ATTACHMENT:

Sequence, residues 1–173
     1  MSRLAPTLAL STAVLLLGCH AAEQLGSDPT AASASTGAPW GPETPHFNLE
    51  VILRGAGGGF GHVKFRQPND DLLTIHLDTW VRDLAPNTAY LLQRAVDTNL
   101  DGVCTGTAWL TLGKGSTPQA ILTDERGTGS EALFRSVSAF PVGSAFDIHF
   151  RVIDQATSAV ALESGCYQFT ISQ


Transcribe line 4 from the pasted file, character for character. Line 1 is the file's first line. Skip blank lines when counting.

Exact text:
   101  DGVCTGTAWL TLGKGSTPQA ILTDERGTGS EALFRSVSAF PVGSAFDIHF